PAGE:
Here’s a movie that will inspire, offer hope, and tell a good story all at the same time! The film features a stellar cast including Eric Roberts, T.C. Stallings and Tea McKay in a breakout role as Sarah Miller, a vulnerable girl who yet finds a deep strength that enables her to cope with life. That life has endured abuse that, unfortunately, many women are exposed to.
Sarah’s stepfather, Roger Donigal (Eric Roberts), has manipulated Sarah’s mother with alcohol, knowing she has a penchant for it. Sarah’s mother, Karen (Dey Young), has allowed Roger to prostitute Sarah, trafficking her despite the pain deep inside and the knowledge that it is wrong. Sarah is finally removed from the home and taken to Safe Haven, a horse ranch which includes bonding with horses as part of the girls’ therapy. Sarah doesn’t feel like she belongs with the rest of the “herd,” the name the group goes by in order to encourage a team-like atmosphere. But she connects with Felicity (Jen Gotzon), the director, and Felicity places Sarah with Dreamer, a beautiful horse that, like Sarah, has an abusive past. It takes a long time for Dreamer to trust Sarah, but when he does, the bond between them grows in such a powerful way that Dreamer literally helps save her life. Having faith in God and praying are encouraged at the ranch, and Sarah calls on God in prayer, probably for the first time ever.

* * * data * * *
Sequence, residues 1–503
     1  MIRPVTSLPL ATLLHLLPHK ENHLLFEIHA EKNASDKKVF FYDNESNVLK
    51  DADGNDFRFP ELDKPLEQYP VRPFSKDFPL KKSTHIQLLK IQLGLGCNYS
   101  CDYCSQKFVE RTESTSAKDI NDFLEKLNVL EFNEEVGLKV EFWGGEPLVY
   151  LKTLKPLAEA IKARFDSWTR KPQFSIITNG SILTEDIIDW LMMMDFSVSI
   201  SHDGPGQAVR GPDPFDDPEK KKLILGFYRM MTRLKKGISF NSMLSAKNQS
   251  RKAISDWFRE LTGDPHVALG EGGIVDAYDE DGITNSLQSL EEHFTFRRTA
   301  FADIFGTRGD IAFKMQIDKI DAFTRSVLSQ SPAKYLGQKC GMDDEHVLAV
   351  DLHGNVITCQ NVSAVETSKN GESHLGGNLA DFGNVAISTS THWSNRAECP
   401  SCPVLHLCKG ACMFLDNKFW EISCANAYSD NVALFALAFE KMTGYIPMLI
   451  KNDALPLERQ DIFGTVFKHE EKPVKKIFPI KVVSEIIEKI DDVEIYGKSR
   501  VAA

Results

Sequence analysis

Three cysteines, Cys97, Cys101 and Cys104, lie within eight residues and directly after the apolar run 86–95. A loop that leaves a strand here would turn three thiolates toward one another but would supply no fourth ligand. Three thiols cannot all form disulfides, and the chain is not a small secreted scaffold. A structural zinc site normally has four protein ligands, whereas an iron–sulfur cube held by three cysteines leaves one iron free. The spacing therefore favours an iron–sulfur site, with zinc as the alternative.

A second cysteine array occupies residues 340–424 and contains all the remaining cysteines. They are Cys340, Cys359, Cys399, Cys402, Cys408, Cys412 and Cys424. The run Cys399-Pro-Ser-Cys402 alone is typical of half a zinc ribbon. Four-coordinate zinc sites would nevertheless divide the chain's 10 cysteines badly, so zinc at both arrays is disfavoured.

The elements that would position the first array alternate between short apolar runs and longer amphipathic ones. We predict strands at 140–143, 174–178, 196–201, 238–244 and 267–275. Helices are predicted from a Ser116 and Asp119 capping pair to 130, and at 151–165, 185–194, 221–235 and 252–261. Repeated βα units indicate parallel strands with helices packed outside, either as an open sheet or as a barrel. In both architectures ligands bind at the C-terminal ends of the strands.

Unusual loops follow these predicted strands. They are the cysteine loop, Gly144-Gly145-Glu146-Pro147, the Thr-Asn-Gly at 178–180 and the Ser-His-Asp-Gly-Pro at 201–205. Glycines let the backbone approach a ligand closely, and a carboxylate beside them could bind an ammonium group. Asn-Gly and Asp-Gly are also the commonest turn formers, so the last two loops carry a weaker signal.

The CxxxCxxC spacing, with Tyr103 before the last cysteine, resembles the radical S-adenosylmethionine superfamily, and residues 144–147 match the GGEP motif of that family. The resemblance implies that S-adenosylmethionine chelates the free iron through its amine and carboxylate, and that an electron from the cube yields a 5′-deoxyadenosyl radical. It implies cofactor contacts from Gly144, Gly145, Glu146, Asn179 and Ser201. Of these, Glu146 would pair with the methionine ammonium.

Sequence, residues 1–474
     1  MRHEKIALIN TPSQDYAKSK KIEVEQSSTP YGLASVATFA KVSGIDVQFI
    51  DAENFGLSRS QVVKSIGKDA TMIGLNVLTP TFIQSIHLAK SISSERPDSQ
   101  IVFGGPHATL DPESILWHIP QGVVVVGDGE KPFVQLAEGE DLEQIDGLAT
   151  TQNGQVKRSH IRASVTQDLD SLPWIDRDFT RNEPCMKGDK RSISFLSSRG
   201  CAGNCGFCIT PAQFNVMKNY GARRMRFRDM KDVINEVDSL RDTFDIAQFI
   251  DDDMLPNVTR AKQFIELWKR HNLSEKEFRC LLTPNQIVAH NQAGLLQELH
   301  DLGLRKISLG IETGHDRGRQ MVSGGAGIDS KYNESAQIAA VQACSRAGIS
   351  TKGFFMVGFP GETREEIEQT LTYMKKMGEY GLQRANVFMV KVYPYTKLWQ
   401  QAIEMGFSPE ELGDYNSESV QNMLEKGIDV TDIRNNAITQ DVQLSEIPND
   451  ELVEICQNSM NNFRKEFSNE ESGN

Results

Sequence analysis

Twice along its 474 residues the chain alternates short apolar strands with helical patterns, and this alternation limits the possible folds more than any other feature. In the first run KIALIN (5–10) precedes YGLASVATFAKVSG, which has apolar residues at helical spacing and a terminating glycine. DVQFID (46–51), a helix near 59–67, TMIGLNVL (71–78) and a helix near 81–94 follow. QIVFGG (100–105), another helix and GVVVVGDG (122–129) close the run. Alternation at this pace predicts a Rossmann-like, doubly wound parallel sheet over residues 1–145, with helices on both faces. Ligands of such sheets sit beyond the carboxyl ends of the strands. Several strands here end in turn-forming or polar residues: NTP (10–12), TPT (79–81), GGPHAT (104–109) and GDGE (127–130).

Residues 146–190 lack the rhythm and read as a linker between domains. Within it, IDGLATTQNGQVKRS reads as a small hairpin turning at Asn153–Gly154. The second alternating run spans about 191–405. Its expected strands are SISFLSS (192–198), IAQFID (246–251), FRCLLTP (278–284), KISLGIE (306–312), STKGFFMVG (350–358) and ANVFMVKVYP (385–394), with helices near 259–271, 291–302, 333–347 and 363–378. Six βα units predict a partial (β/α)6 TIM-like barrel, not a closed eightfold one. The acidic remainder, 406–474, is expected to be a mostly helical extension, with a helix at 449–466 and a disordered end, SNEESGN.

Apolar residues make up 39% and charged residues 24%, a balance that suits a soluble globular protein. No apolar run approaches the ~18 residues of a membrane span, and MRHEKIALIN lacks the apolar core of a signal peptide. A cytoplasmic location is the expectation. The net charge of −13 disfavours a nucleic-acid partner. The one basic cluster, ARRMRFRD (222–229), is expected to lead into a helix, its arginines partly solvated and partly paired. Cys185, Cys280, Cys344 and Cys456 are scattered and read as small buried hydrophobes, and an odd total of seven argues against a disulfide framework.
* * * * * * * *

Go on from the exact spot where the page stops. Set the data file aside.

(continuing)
The movie does a good job in giving the viewer rich and believable characters, characters that the viewer will root and cheer for. The characters’ pain becomes the viewer’s pain, as does their triumphs. Detective Mitchell Sangrin (T.C. Stallings) becomes involved in the case and he feels the girls’ pain very personally—his daughter Alison has been pulled into sex trafficking, stolen away, and all leads point to Roger. Eric Roberts does a remarkable job in portraying Roger as a subtle and threatening villain.
As Sarah’s mother begins taking parenting classes and working toward sobriety in order to eventually get Sarah back, a young man named Kenny (David Topp) stands with Sarah too, even helping Detective Sangrin in trying to locate his daughter. Sarah’s mother knows she has made serious mistakes but is determined to do the right thing and put Roger away. However, Roger will not give up easily, plotting to exploit her weakness for alcohol. The majestic prancing of the horses, the incredible scenery, the gut-wrenching pain of the girls, and their grit all combine to make this a moving movie experience. One scene shows blood on a girl and the floor when she attempts suicide, but it is a quick couple of moments. The mature theme means the movie is definitely geared toward ages 12 and above, and we do indeed award the movie our Dove Seal for Ages 12+.
The Dove Take:
This stirring film puts the spotlight on a real and painful potential problem for young girls, but at the same time it offers inspirational hope! It clearly demonstrates the difference that the support of family and friends, and a submission to God, can make. This is an educational film as well as a dramatic one.